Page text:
Both Crabtree and Cooper start in the backfield. Crabtree motions out into the slot to the left and linebacker, Kwon Alexander, motions out with him indicating that the Buccaneers are in a zone coverage. This formation and motion seems to have caused confusion because no one covers the flat area of the field where Cooper runs a swing route. Cooper catches the ball in space and gets a thirteen yard gain. It’s a pretty creative way to get Cooper into space where he could make a play.

In overtime, the Raiders ran the exact same play that Cooper scored a touchdown on. But this time instead of looking to Cooper, Carr liked his match up with nickel corner, Jude Adjei-Barimah on Seth Roberts. The defense is playing man to man and for some reason Barimah is playing outside shade of Roberts, meaning that Roberts will have free access to the inside. Carr sees this and looks Roberts way right away and makes a perfect throw. Roberts is able to shake off a poor tackle attempt by the safety and ends the ball game in dramatic fashion.

As great as Carr was, Coach Musgrave made his job much easier with his game plan. Hopefully, this is was just a preview for a masterful plan for next week, as the Raiders are going to face off against the Denver Broncos and their suffocating defense for first place in the AFC West.

Ted Nguyen is a football coach, offensive coordinator, QB coach, teacher and blogger. He graduated from UC Davis with his degree in English-Critical Analysis. He enjoys long walks on the beach and researching and writing about the latest developments and trends in football strategy.

5 comments on “Raiders vs Buccaneers Offensive Analysis: Give the Game Ball to Coach Musgraves

  1. Thanks for doing articles like these every week.

  2. MOFG.
    Musgrave is going to DESTROY these bronks.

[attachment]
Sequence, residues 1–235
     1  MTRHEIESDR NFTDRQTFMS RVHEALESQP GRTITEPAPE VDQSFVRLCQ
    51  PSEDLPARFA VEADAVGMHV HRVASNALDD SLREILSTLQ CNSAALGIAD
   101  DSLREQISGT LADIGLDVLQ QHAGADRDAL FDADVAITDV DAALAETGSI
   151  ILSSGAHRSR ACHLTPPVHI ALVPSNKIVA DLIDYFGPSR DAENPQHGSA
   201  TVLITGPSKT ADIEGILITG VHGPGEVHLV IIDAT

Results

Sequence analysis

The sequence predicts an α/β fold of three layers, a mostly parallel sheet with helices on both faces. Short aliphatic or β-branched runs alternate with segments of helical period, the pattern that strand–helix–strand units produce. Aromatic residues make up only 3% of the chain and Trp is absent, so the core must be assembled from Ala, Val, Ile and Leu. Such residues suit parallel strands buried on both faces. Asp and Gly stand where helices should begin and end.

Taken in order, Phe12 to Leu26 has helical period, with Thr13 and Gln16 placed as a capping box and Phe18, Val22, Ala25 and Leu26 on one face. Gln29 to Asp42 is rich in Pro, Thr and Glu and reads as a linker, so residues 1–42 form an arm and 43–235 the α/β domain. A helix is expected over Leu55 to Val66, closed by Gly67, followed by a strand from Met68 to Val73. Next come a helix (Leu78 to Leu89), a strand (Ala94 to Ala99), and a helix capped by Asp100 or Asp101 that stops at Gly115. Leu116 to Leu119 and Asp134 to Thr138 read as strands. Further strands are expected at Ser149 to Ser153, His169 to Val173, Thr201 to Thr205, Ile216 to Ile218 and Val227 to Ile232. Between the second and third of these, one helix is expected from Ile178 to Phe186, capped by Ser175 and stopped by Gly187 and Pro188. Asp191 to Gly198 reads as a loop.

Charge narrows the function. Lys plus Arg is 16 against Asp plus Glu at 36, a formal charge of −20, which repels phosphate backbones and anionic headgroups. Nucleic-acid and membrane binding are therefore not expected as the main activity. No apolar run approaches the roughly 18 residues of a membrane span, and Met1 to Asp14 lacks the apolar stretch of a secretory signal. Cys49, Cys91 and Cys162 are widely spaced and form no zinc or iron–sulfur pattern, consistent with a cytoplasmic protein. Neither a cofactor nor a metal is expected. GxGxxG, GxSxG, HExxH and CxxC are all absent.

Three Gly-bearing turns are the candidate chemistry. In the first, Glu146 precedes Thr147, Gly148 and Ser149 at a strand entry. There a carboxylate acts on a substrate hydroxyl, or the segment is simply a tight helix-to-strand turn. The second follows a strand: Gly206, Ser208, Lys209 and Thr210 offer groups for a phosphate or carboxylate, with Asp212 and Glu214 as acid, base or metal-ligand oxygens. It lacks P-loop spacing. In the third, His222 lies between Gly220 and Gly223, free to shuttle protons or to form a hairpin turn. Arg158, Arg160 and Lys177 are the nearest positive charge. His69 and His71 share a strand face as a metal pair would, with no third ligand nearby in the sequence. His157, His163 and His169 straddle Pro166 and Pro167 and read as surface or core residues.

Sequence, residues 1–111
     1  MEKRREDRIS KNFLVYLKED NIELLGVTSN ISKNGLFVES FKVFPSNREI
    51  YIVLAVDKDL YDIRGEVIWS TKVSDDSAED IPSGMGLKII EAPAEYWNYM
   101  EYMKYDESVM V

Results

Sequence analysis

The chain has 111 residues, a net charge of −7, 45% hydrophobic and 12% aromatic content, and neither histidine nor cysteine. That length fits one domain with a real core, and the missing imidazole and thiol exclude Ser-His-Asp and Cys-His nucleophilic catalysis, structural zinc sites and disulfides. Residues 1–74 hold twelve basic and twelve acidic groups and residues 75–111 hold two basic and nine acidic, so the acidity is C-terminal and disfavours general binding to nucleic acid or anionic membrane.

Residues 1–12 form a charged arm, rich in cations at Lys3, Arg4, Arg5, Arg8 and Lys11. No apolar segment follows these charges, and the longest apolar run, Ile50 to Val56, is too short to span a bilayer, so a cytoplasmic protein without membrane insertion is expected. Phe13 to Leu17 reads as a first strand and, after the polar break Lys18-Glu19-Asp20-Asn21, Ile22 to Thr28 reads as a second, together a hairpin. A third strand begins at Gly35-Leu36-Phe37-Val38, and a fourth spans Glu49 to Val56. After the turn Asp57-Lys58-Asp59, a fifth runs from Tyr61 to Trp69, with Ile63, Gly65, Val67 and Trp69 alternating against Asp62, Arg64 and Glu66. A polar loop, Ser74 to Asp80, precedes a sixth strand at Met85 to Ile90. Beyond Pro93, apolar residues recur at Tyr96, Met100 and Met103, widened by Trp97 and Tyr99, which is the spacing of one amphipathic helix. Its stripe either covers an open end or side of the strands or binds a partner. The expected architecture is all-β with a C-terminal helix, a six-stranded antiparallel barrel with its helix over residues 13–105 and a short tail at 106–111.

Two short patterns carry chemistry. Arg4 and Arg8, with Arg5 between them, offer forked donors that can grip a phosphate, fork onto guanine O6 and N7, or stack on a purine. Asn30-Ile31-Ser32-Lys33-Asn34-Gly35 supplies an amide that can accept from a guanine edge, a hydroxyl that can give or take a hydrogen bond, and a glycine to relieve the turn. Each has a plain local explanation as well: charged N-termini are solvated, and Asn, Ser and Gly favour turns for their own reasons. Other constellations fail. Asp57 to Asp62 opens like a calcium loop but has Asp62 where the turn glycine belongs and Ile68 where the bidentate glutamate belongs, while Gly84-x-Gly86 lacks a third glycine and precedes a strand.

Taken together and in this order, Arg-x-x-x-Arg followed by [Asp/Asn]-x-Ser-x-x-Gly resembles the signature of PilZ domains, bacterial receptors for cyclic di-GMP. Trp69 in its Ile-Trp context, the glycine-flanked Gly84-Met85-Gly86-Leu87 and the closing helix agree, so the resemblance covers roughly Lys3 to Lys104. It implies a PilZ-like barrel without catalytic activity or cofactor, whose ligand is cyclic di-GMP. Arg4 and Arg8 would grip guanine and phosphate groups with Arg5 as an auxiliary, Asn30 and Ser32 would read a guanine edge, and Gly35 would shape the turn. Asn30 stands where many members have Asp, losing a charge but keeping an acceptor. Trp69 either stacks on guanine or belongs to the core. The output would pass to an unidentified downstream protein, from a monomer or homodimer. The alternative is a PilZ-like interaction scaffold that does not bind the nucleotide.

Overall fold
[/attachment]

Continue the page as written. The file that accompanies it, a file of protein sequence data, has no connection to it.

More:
And we are going to be LOVING every minute of it.

  3. Reblogged this on Pride & Poise: The Legendary Oakland Raiders and commented:
    Coach Musgrave is a Machine.

  4. Great analysis as always. Musgrave had a great game plan this week. I’ve noticed over the last couple of weeks he’s mixed in some misdirection screen to the RB’s that would’ve been huge gains if executed properly. It will be interesting to see what the game plan is this week.

  5. Thanks for the great film breakdown.

    Also glad to hear some POSITIVE, objective perspective on Musgrave. Fans tend to blame the OC or QB when things are not going well, but things are usually more nuanced than that.

    What do you think about Murray getting more passing plays the past 2 weeks? One thing I did fault Musgrave for previously was making it too obvious when we were going to run based on the personnel package. E.g. when Murrays in, he’s either running or pass protecting. I personally don’t view Murray as much of a receiving back – he’s too slow accelerating after the making the catch and doesn’t break many tackles in those situations. But at least by throwing his way it’s giving a defense more to think about.